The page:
Potential threat to freedom of speech in university CUs
Re. The Prevent duty consultation document
UCCF understands the responsibility our government has to implement adequate Counter-Terrorism and Security measures to protect its citizens and appreciate that curbing the radicalisation of students forms part of these measures.
As such we will encourage Christian Unions (CUs) to cooperate as fully as is practicable since we all have a shared duty to prevent dangerous people coming onto our campuses.
Nevertheless, we do have some very real concerns about the potential unintended consequences when applying the proposed ‘Prevent duty guidance’ measures, as does Parliament’s Joint Committee on Human Rights which objected to these proposed requirements for universities.
The draft ‘Prevent duty guidance’ will mean that all external speakers will be screened during a 14 day (minimum) notice period in which advance outlines of topics and PowerPoint presentations will be subjected to censorship by university authorities.
Given that this is a Counter -Terrorism measure, what possible security benefit can be gained from requesting personal details of Christian speakers and outlines of their talks when they speak at carol services and the like?
CU speakers are already required not to stray beyond a ‘mere Christianity’ and to give written consent to the CUs that they adhere to the orthodox, historic formularies of Christian faith and will not insist on any sectarian or denominational distinctives outside of this. This has worked very well for the past 90 years in which there have been no known incidents of CU meetings being used to radicalise students. The basic tenets of the Christian faith have nothing to do with terrorism, so what possible justification can there be for jeopardising time-honoured freedoms in an attempt to counter Islamist threats?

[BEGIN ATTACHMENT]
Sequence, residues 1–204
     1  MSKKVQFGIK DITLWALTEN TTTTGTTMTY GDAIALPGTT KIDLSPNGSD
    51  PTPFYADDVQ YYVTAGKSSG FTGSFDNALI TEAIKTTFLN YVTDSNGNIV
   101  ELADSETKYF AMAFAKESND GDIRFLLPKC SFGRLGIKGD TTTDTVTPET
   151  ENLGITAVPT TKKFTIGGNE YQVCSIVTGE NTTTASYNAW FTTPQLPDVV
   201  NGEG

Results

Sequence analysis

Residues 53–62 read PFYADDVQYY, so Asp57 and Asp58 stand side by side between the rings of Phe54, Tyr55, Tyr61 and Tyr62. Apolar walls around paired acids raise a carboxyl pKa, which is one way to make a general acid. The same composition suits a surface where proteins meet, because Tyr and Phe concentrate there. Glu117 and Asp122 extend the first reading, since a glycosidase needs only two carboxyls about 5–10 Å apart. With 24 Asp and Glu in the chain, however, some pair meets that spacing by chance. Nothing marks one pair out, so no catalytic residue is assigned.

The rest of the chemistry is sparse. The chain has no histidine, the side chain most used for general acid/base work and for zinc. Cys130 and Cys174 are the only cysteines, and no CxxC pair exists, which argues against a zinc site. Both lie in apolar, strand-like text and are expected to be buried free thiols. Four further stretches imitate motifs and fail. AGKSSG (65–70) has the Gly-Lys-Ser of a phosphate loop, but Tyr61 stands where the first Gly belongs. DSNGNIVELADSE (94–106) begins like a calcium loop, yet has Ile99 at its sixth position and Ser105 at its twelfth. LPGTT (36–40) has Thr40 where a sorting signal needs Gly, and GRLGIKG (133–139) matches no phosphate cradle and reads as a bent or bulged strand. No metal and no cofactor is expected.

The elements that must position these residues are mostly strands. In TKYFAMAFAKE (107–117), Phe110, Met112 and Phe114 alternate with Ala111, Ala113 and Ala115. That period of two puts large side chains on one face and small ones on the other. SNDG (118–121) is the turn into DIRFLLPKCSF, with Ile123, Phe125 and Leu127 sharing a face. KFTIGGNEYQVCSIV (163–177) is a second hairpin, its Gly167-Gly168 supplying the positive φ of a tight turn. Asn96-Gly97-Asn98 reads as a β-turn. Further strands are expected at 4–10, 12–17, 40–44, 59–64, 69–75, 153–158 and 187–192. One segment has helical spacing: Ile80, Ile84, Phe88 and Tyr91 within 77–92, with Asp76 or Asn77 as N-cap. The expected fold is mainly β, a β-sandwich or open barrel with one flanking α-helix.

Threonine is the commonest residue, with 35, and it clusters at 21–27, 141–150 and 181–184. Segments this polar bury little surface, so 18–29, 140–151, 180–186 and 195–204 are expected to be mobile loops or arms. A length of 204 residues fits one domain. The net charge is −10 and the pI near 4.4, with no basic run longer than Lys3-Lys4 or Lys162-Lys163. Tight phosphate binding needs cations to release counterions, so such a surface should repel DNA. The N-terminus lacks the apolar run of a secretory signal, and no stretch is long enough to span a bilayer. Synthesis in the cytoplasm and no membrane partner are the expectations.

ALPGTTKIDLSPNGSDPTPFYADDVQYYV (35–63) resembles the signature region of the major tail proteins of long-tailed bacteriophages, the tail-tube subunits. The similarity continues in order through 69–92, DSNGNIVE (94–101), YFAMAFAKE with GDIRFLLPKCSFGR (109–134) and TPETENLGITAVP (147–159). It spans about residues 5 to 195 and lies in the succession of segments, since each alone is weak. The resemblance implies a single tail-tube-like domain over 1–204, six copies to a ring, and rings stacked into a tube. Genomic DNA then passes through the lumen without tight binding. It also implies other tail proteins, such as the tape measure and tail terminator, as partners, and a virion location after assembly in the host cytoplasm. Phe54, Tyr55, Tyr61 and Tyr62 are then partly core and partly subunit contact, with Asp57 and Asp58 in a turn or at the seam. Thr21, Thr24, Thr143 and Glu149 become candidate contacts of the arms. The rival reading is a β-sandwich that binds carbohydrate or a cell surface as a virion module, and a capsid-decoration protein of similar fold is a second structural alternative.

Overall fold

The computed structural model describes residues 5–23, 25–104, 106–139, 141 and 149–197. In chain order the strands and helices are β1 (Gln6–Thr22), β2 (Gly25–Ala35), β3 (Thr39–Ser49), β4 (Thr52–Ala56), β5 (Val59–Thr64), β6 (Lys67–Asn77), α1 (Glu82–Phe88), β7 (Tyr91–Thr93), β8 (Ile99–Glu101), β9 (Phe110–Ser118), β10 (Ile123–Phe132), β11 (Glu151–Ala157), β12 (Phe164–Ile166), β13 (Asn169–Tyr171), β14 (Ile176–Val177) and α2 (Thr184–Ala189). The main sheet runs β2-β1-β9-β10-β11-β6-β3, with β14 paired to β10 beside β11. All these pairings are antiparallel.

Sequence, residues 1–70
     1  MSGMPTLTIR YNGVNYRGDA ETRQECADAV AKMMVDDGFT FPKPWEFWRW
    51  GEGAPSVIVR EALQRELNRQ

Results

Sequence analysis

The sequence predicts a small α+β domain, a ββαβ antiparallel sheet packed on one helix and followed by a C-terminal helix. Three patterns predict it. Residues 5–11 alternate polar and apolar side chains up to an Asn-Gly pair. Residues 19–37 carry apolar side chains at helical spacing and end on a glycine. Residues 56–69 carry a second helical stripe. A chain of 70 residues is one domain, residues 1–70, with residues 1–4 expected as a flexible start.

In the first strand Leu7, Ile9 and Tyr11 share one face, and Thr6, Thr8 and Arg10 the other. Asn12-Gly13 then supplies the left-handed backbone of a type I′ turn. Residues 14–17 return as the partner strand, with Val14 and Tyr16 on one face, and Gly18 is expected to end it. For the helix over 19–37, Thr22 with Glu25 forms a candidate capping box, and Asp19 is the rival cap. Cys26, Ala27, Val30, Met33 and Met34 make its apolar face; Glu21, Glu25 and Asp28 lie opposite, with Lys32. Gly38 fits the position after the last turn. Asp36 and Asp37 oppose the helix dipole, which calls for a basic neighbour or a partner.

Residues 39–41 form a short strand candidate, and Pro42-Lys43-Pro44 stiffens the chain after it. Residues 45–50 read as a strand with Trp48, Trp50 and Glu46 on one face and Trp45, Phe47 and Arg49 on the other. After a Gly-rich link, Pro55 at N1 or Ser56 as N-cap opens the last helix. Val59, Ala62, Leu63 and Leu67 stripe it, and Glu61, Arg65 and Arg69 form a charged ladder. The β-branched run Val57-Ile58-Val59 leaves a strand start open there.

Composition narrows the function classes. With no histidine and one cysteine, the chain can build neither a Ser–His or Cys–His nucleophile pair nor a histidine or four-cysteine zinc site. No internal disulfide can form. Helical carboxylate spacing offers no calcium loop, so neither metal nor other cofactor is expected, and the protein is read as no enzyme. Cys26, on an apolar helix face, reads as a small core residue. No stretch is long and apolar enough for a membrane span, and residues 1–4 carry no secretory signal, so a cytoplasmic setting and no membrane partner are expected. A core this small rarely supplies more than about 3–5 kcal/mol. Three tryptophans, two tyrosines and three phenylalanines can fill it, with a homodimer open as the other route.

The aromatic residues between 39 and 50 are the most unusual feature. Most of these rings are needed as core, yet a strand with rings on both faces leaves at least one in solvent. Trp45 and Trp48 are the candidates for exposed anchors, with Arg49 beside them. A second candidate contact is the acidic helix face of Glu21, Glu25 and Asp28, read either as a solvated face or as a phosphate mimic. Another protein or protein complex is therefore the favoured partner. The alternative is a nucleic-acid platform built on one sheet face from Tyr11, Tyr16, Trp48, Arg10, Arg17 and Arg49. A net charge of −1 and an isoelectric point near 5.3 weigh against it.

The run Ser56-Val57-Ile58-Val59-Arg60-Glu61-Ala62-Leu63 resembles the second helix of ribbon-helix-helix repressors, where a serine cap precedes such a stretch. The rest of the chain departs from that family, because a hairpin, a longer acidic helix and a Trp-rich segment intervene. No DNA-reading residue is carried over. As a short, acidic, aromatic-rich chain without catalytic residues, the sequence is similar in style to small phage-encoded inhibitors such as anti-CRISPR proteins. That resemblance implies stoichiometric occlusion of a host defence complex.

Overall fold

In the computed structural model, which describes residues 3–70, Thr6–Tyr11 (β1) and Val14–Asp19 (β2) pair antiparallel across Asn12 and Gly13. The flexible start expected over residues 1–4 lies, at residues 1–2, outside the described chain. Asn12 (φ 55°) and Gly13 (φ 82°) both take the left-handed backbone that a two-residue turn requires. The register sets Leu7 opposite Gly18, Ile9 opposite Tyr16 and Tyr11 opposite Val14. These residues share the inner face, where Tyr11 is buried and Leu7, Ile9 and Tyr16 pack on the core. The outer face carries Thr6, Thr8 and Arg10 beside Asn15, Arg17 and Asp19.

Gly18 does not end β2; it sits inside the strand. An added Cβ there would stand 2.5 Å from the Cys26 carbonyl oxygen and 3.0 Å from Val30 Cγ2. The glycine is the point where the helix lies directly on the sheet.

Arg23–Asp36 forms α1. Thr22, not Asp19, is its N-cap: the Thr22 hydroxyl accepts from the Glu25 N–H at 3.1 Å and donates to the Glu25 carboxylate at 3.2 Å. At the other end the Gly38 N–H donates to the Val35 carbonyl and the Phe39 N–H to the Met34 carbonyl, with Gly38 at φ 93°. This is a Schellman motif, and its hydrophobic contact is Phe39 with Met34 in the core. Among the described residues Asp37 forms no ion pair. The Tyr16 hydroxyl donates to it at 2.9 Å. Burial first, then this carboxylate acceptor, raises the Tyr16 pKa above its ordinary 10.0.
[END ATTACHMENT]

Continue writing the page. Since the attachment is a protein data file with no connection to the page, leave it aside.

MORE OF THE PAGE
Even more concerning is the proposal that a ‘risk assessment’ must be made on whether a meeting should be cancelled altogether, or compelled to include an opposing speaker or (even more chilling) ‘someone in the audience to monitor the event’.
Rather than be transparently specific about the nature of Islamist rhetoric this ‘Prevent duty guidance’ speaks of an Institution’s obligation to promote ‘British values’. Such broad guidelines could easily be used by secular or religious people within our universities as an opportunity to censor or even ban any aspects of a CU’s programme they happen not to like or simply disagree with. Surely a significant British value is a commitment to freedom of speech and a tolerance of other people’s views: far from promoting British values, the proposals as they stand open the door to the curtailment of freedom of speech and the facilitation of intolerance.
We would encourage staff, students and supporters to write to their MP as soon as possible to raise these concerns. You can find your MP on the Parliament website.
Responses to the consultation document itself can be received no later than noon on the 30 January 2015. Download a PDF of The Prevent duty: consultation document.
We greatly appreciate your prayerful support in this serious matter.
Reverend John Lenton,
Chairman of UCCF Board of Trustees
Reverend Richard Cunningham,
Director of UCCF: The Christian Unions